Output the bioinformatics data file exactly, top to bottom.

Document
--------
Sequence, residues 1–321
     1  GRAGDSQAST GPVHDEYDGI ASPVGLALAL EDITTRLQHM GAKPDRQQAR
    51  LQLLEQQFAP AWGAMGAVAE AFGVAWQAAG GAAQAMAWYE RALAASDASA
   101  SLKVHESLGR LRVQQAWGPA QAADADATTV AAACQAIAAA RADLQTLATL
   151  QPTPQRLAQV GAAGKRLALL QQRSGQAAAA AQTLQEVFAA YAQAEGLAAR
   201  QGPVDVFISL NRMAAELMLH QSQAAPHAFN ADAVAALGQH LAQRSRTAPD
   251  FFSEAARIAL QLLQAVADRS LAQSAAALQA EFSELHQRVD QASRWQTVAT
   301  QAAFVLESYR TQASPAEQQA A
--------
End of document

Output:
Sequence, residues 1–321
     1  GRAGDSQAST GPVHDEYDGI ASPVGLALAL EDITTRLQHM GAKPDRQQAR
    51  LQLLEQQFAP AWGAMGAVAE AFGVAWQAAG GAAQAMAWYE RALAASDASA
   101  SLKVHESLGR LRVQQAWGPA QAADADATTV AAACQAIAAA RADLQTLATL
   151  QPTPQRLAQV GAAGKRLALL QQRSGQAAAA AQTLQEVFAA YAQAEGLAAR
   201  QGPVDVFISL NRMAAELMLH QSQAAPHAFN ADAVAALGQH LAQRSRTAPD
   251  FFSEAARIAL QLLQAVADRS LAQSAAALQA EFSELHQRVD QASRWQTVAT
   301  QAAFVLESYR TQASPAEQQA A